Not to burst anyone's bubble, but one of Britain's top elections experts says a re-run of the EU referendum is pretty unlikely any time soon.
An online petition calling for a new vote has got more than 1.5 million signatures since Thursday and that number is growing fast.
But Professor John Curtice, whose exit poll was the only one to predict the Conservatives would win last year's general election, advises not to hold your breath on another Brexit ballot.
He says the subject is so divisive within mainstream political parties and their supporters that it would be unlikely to form a campaigning issue for some time - let alone spark another public vote.
Thursday's referendum saw 17.4 million (51.9%) votes cast to leave the EU, compared with 16.1 million (48.1%) for remaining part of the bloc, with a turnout of 72.2%, according to the Electoral Commission.
Curtice said: "How many people voted in favour of Leave? Seventeen million. One million is chicken feed by comparison.
"It's no good people signing the petition now, they should have done it before. Even then, these petitions don't always mean a great deal.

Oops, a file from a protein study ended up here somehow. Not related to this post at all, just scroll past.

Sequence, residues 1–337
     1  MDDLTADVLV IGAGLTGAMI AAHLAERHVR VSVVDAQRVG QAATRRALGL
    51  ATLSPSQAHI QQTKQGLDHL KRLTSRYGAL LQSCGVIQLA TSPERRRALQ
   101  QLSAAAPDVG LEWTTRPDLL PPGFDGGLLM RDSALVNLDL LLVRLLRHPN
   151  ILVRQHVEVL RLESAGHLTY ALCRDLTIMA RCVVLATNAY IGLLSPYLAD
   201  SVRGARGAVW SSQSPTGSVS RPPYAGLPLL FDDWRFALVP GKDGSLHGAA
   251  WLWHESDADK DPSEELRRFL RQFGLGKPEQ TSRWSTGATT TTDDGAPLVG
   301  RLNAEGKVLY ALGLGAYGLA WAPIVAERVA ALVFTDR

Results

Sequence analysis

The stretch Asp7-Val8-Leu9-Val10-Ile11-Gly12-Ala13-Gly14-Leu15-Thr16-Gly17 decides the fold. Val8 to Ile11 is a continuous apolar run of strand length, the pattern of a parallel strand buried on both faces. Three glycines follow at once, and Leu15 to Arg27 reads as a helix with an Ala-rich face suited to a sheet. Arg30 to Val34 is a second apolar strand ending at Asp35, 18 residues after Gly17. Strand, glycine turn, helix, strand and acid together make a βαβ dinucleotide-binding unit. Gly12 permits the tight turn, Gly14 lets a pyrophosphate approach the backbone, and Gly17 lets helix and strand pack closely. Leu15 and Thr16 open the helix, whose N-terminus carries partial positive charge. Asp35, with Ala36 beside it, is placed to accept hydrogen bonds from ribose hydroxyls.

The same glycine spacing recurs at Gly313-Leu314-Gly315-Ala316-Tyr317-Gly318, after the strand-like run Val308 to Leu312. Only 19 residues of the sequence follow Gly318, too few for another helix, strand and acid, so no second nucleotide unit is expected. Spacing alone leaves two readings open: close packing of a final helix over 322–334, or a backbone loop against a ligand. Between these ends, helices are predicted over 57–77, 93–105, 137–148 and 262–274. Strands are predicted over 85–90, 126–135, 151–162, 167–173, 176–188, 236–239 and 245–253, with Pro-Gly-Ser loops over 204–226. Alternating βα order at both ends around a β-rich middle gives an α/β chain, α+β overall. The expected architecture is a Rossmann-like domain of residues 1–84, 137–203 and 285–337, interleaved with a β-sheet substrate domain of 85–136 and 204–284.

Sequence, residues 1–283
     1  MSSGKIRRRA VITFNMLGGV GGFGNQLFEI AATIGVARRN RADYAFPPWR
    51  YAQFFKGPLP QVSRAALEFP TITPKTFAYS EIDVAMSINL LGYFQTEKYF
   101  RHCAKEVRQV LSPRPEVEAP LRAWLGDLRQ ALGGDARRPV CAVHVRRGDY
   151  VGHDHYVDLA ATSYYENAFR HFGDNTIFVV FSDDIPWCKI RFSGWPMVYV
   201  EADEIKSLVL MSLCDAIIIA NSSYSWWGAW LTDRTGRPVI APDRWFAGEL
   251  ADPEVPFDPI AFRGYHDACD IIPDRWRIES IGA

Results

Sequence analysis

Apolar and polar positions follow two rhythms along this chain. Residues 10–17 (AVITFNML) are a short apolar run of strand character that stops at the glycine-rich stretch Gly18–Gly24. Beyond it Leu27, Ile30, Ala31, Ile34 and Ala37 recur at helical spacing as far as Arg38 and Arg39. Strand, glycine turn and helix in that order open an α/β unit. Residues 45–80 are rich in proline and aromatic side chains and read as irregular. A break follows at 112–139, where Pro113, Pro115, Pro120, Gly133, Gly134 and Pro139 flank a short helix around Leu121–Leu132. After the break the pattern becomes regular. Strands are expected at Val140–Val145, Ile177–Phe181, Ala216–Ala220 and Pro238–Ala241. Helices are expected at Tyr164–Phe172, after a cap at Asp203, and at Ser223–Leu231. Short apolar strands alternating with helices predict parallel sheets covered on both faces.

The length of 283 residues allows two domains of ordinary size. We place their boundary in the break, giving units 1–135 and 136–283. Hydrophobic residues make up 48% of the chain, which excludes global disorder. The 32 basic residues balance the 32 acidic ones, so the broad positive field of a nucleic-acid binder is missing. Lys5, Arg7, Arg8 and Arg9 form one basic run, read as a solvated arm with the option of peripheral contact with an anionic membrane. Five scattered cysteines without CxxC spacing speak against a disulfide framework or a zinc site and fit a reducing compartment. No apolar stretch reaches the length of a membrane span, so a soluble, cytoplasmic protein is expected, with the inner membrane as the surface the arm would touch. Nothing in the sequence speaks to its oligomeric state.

"It has passed the 100,000 mark for it to be debated in Parliament. All that means is that some MPs will say, 'It's a terrible shame', others will say, 'Hallelujah'. Then that's the end of it."
But the professor of politics at the University of Strathclyde did suggest that if the process of the UK extricating itself from the EU machinery was dragged out then the door could open a little for the British voters to have another say.
He said: "If Boris Johnson is running the Government and it (disengagement from the EU) is taking a long time to be implemented, two years down the line we could have another poll showing people actually want to reverse the decision and remain in.
"Then there could be a situation where the opposition party in a general election have a mandate to hold a new referendum on it."
Something tells us that a second showdown between the Remainers and BeLeavers won't be any prettier than the first.